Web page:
B) Immigration
Another inconsistency that we can see in the article is in manner of the immigration. It is said in the article that (%25) “a quarter of the births in England and Wales last year (2010) were to mothers who were themselves born abroad” and it is to support their claim which is “birthrates have been driven up by increase in the numbers of foreign-born women with above average fertility”. As it continues, the article says that immigrant women are “more likely to be of childbearing age than the population as a whole”. It doesn’t seem to be right since only 1 in 4 woman of the ‘whole population’ is immigrants and it isn’t reliable since not every woman with a suitable age for childbearing is immigrating to have children. Therefore, contrary as the article states, one of the main reasons for birth rate augmentation cannot be the effect of only immigrants.

In conclusion, this article is obviously written by an exact point of view which is clearly against childbearing out of marriage and immigration. Numerical values were used to somehow support these ideas, but with an attentive reading it is easy to see the numbers weren’t used correctly or compatibly.

Secondly, I will talk about the article titled ‘’How family meals can stop eating disorders’’, published in 14 July 2011, in the newspaper called Daily Mail. The first thing about the article is surely it seems to be short and to the point. However, it contains several numerical values and percentages which were used incompatibly.

First of all, the article declares two percentages; ‘’They were also 24 per cent more likely to… have healthy eating habits than those who didn’t share three meals with their families’’ and ‘’teens who eat at least five meals a week with their families are 35 per cent less likely to be ‘disordered eaters’’. These numerical statements don’t show the same percentage of how effective is eating one meal with family per week. First one declares it as %8 while the second one declares it as %7.
Another untrue statement is that the article talks about 17 studies on eating patterns and nutrition involving ‘almost’ 200.000 children and teenagers. It doesn’t clarify which age group (which is actually 2-17) was involved in the study and what did this study really pertained. The exact amount of children and teenager who were in the study was actually 182.000. The article ignores about 18.000 subjects which is a high number that couldn’t be unmentioned in order to reflect the true numerical value.

The last thing I would like to point out is how the article defines disordered eating. It is said in the article that ‘’smoking to keep a lid on weight’’ is also a sign of eating disorders. Actually, this action doesn’t define an eating disorder at all. The article is far from reflecting the real definition and causes of disordered eating. In addition, it isn’t even mentioned once eating excessive amounts of food, psychological effects of eating disorders, and unhealthy nutrition habits in schools or even in families.

To conclude, the article tries to fix the idea of eating with family is a great way to control children and teenagers. It tries to use the numerical facts and percentages as they are proof of this idea by reconstituting the data.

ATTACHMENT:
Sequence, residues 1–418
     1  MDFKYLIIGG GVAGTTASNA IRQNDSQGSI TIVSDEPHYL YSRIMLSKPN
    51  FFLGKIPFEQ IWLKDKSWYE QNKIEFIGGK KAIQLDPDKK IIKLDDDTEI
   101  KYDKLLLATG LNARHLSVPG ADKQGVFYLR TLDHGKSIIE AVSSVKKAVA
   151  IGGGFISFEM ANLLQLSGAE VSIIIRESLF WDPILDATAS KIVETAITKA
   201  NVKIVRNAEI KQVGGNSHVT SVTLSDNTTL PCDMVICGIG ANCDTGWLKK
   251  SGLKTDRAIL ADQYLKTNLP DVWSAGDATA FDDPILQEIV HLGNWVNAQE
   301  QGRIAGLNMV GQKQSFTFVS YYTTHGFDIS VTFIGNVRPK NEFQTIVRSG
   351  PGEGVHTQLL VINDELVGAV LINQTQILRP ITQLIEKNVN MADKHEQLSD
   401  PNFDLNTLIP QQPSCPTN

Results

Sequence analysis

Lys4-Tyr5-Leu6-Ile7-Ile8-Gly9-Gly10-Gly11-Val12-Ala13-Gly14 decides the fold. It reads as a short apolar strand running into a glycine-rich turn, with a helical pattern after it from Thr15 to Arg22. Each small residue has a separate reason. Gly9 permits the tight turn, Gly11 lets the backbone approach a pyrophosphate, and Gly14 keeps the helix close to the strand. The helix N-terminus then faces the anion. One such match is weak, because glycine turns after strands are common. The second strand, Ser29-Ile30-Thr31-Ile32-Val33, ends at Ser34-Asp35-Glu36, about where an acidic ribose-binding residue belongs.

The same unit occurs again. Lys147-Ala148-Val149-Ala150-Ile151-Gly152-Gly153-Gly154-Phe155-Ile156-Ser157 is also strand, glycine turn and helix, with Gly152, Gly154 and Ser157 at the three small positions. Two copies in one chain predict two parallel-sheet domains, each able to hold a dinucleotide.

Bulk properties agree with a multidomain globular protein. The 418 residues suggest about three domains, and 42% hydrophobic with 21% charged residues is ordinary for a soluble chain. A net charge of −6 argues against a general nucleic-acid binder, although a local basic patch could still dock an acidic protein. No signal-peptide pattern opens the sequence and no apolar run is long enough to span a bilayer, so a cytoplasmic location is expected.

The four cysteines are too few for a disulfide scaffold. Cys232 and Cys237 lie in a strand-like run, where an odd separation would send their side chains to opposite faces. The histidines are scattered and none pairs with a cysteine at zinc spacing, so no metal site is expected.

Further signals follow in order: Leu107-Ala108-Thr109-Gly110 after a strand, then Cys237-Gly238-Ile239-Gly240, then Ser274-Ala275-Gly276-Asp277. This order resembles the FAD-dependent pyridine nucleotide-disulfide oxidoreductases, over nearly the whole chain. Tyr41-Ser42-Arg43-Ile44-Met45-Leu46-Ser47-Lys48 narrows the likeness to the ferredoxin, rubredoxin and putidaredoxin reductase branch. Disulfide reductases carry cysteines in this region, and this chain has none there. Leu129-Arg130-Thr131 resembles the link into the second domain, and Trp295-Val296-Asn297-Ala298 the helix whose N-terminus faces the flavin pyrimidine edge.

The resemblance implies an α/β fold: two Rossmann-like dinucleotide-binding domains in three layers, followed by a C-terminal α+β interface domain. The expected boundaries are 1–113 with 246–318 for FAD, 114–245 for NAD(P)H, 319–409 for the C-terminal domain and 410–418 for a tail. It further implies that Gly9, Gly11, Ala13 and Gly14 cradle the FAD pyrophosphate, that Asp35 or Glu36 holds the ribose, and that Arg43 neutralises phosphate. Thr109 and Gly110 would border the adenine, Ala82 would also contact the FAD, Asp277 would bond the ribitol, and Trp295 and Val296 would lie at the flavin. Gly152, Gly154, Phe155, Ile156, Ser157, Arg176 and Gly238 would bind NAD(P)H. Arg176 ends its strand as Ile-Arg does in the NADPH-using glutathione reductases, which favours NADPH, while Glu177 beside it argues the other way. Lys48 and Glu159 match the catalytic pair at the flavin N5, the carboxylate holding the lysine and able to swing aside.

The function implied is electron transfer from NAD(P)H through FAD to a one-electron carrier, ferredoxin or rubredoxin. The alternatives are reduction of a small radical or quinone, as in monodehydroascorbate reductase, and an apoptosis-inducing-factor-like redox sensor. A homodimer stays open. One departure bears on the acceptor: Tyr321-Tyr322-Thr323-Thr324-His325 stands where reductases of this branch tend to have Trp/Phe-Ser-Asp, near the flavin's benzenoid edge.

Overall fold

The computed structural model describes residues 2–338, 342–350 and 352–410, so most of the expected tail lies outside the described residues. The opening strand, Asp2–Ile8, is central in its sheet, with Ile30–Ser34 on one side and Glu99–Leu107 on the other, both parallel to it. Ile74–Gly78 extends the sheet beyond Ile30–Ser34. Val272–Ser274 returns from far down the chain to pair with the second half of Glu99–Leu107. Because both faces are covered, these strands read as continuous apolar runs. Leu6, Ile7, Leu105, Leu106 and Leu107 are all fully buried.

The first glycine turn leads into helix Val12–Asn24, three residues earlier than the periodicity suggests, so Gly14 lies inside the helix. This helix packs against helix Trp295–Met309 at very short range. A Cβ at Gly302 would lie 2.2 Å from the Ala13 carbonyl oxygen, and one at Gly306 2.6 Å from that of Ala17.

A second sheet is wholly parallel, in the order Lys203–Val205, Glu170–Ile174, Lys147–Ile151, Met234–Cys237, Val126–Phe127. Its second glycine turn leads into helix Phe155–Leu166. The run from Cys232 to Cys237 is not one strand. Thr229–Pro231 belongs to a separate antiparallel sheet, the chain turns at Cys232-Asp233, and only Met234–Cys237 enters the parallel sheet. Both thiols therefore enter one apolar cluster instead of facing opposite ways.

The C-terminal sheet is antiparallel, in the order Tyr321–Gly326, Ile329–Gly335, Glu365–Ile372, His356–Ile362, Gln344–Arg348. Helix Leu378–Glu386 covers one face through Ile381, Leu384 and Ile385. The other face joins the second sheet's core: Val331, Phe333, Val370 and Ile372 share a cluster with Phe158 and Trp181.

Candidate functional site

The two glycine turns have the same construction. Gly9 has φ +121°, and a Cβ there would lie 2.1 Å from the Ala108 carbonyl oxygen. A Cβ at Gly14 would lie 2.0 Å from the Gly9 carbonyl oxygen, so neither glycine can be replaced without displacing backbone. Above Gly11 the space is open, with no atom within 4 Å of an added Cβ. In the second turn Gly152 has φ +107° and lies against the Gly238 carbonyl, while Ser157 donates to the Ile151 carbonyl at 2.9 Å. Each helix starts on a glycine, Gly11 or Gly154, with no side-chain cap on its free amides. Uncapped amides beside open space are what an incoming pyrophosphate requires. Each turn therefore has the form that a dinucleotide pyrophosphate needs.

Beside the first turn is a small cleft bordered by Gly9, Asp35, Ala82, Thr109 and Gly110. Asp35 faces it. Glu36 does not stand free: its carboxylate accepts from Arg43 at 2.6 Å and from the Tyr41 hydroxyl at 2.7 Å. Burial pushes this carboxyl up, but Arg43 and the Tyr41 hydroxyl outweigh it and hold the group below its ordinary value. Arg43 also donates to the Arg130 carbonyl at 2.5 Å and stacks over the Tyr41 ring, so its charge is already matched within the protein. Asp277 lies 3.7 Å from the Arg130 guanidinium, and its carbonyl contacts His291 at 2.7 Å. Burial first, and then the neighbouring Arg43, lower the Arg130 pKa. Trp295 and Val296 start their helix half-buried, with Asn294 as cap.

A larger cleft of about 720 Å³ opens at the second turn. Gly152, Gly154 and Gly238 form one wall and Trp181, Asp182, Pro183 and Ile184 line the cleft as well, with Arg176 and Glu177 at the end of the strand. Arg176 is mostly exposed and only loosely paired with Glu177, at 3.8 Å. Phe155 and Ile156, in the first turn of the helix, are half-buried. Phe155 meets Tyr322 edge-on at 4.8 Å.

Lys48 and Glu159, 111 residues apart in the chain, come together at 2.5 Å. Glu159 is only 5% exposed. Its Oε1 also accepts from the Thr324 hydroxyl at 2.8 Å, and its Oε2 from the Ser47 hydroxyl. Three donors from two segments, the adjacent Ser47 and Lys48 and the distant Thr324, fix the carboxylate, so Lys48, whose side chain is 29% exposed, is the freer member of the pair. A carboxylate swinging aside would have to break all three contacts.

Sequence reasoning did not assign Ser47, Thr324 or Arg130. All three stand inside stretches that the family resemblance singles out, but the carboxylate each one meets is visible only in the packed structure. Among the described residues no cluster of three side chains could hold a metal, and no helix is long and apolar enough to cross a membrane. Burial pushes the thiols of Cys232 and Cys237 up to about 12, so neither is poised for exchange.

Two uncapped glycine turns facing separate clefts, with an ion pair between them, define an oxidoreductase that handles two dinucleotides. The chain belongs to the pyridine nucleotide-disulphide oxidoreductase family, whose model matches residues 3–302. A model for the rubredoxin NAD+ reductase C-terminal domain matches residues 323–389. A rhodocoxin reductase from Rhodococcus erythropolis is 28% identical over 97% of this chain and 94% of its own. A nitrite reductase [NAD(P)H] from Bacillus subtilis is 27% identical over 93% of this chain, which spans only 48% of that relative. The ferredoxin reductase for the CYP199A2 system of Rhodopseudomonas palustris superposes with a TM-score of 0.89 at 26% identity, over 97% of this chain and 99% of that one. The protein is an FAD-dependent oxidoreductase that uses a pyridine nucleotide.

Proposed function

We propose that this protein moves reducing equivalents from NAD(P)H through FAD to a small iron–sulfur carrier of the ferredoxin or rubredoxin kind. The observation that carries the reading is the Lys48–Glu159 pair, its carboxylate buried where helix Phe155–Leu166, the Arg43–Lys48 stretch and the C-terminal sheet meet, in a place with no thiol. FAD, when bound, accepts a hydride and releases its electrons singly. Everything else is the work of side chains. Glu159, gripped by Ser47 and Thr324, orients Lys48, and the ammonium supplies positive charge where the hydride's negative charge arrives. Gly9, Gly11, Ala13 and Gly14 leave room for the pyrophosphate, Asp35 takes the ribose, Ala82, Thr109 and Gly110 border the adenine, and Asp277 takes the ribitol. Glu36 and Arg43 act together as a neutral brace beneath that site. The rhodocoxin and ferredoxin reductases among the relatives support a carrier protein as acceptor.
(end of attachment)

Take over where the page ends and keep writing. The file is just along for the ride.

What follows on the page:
I really enjoyed reading the articles and doing the research on these topics. Since I really understood the methodology of how to detect false usage of numbers and how they were used to manipulate the reader’s ideas. I look forward to write more reports and get better at criticizing what I read in my personal life.

Sources for the first article:

Sources for the second article:

CMN Second Project


As a group, we were already aware of the spreading and increasing disease cancer. As we started to do research about the topic of this assignment, we had a better chance to get a closer look to the causes and effects of cancer. We realized how quickly it spreads and how common it is.

When we read the article called “One in four Britons will get cancer” that was on Daily Mail, July 14, 2011, we caught many incomplete and missing informations. These mistakes are such as;

-Untrue assumptions

-Contradictory expressions

-Numerical errors

-Unmentioned sources

-Undetermined research methods

-Too many exaggerations and generalizations

-Unclear statements

First of all, we started with the statement mentioned in the title “One in four Britons will get cancer”. 62.649.014 is the population of England in 2011. According to title 15.662.253 people will get cancer. As the article declares afterwards “ There are currently two million people in Britain with the ilness and this is expected to double within the next 20 years”. According to this statement if it continues to double every 20 years, it will reach appromixely to 15.662.253 after 60 years.

Secondly, in the article it is given that “some” %64 eventually die from the cancer but as we made a research about cancer survivors we found out that there are %50 survivors and this is still increasing. Also the word “some” is an unclear statement and cannot be used when giving a specific percentage.

Furthermore, the article announces that the reason of the cancer is “lifestyle factors such as obesity, excessive drinking and smoking”. However, according to our researches genetic tendency for the cancer has the main role in getting this disease. This article doesn’t even mention this reason once. If the genetic code has a tendency for cancer, outer factors trigger the risk of this disease.